Marketers are increasingly expected to help their brands deliver an excellent customer experience (CX).

But with so many tools, channels, and other digital resources required to do so, how best can marketers build a business case for the investment required?

To find out, Econsultancy invited dozens of client-side marketers to the Chinese megacity of Shanghai to discuss CX at roundtables in April of this year.

The roundtables covered topics related to CX and were moderated by volunteer client-side marketers and subject matter experts from Econsultancy and our event sponsor Epsilon.

Delegates brought experiences from many different companies and industries and they openly discussed their success stories and challenges with the group.

Moderators dutifully took high-level notes during the discussion and presented them back to the group at the end.

Below is a summary of the main talking points during the day about the topic: Customer Experience - Building the Business Case & Best Practices.

Building the business case for CX

Participants at this table were primarily concerned with building the business case for customer experience initiatives.

That is, how can improving the customer experience help to attract new business, keep existing customers, and encourage loyal customers to buy more?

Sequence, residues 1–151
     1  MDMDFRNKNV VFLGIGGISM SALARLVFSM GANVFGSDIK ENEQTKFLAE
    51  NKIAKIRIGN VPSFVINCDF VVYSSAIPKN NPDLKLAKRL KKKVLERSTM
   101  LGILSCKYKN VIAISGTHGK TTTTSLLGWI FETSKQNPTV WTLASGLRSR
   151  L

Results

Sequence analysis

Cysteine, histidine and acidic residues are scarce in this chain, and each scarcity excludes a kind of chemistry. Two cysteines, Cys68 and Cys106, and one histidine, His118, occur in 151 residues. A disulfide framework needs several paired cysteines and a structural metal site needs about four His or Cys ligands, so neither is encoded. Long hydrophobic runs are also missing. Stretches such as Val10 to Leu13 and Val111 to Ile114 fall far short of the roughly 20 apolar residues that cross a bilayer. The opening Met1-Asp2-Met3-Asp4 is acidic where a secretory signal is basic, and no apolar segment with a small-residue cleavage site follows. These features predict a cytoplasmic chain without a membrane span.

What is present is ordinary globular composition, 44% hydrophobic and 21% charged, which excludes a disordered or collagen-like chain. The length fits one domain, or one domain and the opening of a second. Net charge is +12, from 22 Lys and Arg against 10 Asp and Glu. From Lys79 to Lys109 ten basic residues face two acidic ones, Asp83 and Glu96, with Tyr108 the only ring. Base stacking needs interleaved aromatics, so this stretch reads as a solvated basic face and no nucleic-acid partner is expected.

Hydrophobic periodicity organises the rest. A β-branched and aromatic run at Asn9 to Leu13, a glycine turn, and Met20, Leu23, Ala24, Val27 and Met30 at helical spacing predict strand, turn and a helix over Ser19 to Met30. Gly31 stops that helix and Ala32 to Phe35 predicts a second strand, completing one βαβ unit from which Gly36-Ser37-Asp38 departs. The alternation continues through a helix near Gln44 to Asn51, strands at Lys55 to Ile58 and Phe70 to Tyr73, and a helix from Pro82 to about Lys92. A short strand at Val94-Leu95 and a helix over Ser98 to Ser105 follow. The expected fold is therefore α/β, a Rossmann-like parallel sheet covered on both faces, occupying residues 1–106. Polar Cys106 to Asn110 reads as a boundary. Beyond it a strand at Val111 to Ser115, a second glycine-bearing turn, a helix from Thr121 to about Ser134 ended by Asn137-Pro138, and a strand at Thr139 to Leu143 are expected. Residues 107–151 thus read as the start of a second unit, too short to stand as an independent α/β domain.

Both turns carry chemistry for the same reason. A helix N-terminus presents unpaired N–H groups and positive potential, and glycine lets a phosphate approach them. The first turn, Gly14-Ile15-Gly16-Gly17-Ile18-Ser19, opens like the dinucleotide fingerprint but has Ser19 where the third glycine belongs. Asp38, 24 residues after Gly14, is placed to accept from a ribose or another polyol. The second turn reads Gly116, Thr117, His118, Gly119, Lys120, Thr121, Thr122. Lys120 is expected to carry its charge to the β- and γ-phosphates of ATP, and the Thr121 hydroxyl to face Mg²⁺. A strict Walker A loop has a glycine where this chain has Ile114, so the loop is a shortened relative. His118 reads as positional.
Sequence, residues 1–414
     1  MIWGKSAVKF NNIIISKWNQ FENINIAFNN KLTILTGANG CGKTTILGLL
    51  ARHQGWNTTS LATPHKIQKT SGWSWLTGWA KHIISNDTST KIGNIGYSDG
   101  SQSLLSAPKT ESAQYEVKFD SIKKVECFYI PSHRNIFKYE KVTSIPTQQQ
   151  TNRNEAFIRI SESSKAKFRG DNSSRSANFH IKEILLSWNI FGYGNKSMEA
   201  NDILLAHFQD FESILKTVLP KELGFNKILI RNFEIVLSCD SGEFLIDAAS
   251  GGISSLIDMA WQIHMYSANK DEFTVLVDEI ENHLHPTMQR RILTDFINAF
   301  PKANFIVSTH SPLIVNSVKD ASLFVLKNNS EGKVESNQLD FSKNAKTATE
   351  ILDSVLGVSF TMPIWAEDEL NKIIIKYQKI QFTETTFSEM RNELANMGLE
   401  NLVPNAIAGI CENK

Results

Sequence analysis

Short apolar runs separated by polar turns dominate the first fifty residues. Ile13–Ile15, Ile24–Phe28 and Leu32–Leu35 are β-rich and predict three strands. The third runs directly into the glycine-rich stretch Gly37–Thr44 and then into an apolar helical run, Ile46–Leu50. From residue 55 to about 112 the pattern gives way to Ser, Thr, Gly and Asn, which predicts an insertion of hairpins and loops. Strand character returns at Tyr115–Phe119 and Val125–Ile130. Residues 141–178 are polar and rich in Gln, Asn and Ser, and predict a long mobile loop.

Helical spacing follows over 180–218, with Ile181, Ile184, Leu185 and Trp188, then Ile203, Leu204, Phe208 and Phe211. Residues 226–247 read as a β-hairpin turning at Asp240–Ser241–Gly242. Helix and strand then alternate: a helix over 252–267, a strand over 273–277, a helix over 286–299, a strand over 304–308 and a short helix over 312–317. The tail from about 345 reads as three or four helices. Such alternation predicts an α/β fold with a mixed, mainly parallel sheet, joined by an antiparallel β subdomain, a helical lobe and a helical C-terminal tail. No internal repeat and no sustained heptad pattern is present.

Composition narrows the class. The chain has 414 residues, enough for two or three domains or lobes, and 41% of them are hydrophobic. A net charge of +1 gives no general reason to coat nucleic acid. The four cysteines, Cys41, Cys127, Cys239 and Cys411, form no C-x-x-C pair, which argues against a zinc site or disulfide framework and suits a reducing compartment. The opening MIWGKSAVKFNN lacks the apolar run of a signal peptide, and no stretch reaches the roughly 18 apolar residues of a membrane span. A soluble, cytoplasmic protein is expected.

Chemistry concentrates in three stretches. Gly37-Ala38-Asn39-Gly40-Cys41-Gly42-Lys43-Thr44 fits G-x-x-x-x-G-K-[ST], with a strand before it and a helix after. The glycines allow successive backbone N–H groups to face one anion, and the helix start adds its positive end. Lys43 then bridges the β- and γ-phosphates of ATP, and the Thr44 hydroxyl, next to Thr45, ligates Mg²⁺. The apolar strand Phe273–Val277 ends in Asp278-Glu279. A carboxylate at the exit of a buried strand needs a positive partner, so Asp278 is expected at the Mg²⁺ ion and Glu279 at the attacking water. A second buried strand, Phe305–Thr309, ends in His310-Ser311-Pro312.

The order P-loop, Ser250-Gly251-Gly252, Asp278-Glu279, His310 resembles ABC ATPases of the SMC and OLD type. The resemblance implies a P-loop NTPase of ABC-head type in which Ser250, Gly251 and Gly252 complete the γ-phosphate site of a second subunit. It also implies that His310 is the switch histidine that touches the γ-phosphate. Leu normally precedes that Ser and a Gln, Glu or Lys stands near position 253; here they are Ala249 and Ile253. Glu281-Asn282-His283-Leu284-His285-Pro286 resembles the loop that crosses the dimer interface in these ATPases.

Getting new business

Participants started by discussing how improving CX can deliver new business for their companies.

One attendee noted that consumers are overwhelmed with choice and so when they are making a buying decision, a company's brand is playing an increasingly important role.

However, a brand's image is no longer based solely on what companies say in their marketing. Instead consumers are learning about brands from their peers through social media, one participant pointed out.

So, rather than focusing on messaging, a company should instead invest in providing a great experience.

This, in turn, will ensure that customers speak positively about the brand on social channels.

Communicating brand value

But how can companies help customers communicate brand values?

From the discussions it emerged that every single brand has a story to tell, regardless of its industry, location and size. Telling this story will help create an emotional bond with consumers. 

Once this bond is created, one participant argued, customers will be less likely to recommend another service or product and more likely to become a loyal lifetime buyer.

So, to communicate the brand value, tell the brand story.

Keeping customers happy

Attendees then talk about how a company, once it has loyal customers, can keep them happy.

The consensus was that whether you are trying to please B2B or B2C customers, it's important to remember that you are dealing with a person.  

So, keeping up positive momentum with them means providing customer service which is personal and sincere.

This will, according to participants, reassure your customers that you are working in their best interests and that they are not just part of your revenue targets.